Microsoft Cluster Service

This module discusses the Microsoft® Cluster Service built into the Windows® 2000 Server operating system. It outlines the features and benefits of the Cluster Service, then briefly addresses deployment.

The Cluster Service addresses the issue of server availability. Called Microsoft Cluster Server in Windows NT®, this technology was renamed to Cluster Service in Windows 2000 to signify that it's just one of the services running on Windows 2000.

This diagram illustrates the three clustering technologies available in Windows 2000:

  • Network Load Balancing, which can be used to build front-end clusters that distribute IP traffic across the network load balancing cluster.

  • Component Load Balancing, can be used to build middle-tier clusters to load balance COM+ components. Microsoft is planning to include Component Load Balancing in Windows 2000 Datacenter Server when it ships, which is scheduled for the middle of 2000.

  • Cluster Service, which can be used to build back-end clusters to provide high validity for your data, mail store, files, and so on.

This diagram illustrates the architecture of a typical cluster deployment.

These clustering technologies are already in use—a lot of ISPs deployed clusters to improve the availability of their hosting and to get the most out of their network capacity.

Of course, clustering by itself won't deliver high availability. You have to think about the whole picture and how your environment, practices, hardware, and other factors affect the availability of your systems. As part of that big picture, this module talks about the middle circle of the diagram—high availability—and the operating system features that provide fail-over capabilities for applications and services.

With Cluster Service you can build back-end clusters with two nodes (four nodes with Windows 2000 Datacenter Server) to provide fail-over capabilities for applications.

You may be running applications on all the nodes in the cluster, with one instance of an application running on only one node in what is known as the shared nothing mode. If any of the components fails, it can cause the application or an entire node to fail. In these cases, Cluster Service detects these failures and then will either restart an application on the same node, if it's possible, or will migrate the application to another node and restart it there.

Node failure is detected through the use of the heartbeat method. All nodes in the class exchange heartbeats; when a node misses five heartbeats, the other nodes assume that it failed. They respond by going into the regroup process, in which they calculate the membership in the cluster of the node that cannot be reached, kick out the cluster, and move the node's resources to other surviving nodes.

The heartbeat method is also used for applications. Cluster Service, unlike Network Load Balancing, can monitor and detect application failures as well as node failures. And when Cluster Service detects that an application has failed, it will try to restart the application on the same node, depending on the local restart policy defined for this resource. If it fails to restart the application on the same node, it may decide to fail over this resource and all the resources it depends on to another node.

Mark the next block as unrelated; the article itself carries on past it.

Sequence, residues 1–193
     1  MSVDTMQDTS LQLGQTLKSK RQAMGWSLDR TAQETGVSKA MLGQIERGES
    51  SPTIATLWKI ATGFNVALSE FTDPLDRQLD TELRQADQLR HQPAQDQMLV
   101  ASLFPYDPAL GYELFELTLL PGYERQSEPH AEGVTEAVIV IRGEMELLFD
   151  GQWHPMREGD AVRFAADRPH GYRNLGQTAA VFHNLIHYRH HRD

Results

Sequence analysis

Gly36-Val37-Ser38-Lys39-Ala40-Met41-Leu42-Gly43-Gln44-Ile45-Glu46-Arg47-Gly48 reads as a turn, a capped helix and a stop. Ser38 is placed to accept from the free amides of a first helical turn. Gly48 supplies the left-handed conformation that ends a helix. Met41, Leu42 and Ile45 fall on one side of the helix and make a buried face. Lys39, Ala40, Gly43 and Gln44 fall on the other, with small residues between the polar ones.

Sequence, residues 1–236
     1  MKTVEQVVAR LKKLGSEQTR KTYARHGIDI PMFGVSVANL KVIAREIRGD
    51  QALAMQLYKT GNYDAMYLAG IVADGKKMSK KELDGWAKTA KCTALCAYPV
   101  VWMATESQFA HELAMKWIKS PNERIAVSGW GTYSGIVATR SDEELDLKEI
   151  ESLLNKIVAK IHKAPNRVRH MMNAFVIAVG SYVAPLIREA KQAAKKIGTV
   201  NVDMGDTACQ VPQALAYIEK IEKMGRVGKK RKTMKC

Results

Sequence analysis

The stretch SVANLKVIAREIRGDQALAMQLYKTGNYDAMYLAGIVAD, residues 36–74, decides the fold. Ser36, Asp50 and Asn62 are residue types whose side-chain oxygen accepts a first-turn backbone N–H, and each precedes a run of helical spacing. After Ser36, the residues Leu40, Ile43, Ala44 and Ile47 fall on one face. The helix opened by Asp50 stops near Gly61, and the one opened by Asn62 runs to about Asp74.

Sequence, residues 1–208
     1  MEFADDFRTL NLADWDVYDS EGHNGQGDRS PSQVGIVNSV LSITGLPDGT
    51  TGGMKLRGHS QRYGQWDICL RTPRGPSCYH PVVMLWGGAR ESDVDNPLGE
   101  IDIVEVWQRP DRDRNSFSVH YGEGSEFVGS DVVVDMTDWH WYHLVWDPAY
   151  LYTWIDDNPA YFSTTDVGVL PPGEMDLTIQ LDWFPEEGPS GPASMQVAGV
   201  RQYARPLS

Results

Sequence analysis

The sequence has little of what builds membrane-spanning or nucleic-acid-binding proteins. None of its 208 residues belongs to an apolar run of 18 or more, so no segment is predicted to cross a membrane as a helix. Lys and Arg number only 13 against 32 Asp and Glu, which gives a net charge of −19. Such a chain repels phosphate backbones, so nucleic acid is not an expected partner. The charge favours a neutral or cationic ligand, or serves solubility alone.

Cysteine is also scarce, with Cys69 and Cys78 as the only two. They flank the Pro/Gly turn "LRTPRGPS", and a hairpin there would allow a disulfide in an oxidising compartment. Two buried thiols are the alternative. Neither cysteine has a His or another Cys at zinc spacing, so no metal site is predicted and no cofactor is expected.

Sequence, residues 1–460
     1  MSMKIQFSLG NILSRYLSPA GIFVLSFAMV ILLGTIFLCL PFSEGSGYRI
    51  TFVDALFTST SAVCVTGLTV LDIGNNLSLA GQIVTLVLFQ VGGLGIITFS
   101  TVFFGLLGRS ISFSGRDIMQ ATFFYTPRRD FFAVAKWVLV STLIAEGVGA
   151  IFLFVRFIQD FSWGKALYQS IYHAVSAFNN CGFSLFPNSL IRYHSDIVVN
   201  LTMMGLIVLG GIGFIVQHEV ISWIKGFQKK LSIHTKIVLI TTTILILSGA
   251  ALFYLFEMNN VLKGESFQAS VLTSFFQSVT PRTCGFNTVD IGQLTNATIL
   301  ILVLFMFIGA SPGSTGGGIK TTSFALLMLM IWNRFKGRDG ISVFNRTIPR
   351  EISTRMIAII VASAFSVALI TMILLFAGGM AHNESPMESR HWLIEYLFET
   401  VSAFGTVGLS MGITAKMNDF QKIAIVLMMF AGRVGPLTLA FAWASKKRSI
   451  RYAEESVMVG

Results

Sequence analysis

The goal is to maintain the clients' ability to access back-end data, whether it's a mail store, file shares, print spoolers, or similar resources.

This diagram illustrates how the process works.

In this typical example of a two-node cluster, both the nodes in the cluster are attached to one or more shared storage buses. (All nodes in the cluster have physical access to storage devices, but only one node in the class can physically read and write to the disk. All the other nodes are blocked from accessing the disks. This exclusion helps guarantee that no two nodes act as the same file system on any of the disks.) Private interconnectivity between the nodes is used for heartbeating and cluster management. And one or more public networks connect the cluster nodes to clients.

The two nodes exchange heartbeats over the private network. If the private network were to fail, they would exchange heartbeats over the public network. Microsoft recommends using multiple private networks because doing so improves performance and also eliminates the situation in which there is a single point of failure.

When one node fails, the other node detects the failure and then goes into arbitration to see whether it can take over the disk, which guarantees that only one host can access the disk.

Windows 2000 Datacenter Server is being designed to support four nodes. This model follows the same concept as the two-node model: a fail-over cluster, shared nothing mode, with all nodes connected to the same storage bus. Windows 2000 Datacenter Server, however, will support only Fibre Channel; if you plan to deploy it, you should use only Fibre Channel.

Similar to the two-node model, you can have one or more private networks and one or more public networks. Each node can own any of the disks, and when this node fails, the other node can pick up the disks and restart applications that use data on these disks.

Because disks can become a single point of failure in this configuration, you should use a rights storage system. Windows 2000 doesn't support software rights, so you have to use a special hardware resource, called a quorum resource, to guarantee that only one node can own a disk at any time.

Microsoft recommends that you configure one volume between 5 and 500 MB to be the dedicated quorum resource. This quorum resource has several purposes.

Cluster Configuration Repository

First, it stores the cluster configuration database—that is, where Cluster Service persists in its configuration. No matter which node from the cluster fails, the cluster can always restore its latest state from the quorum resource.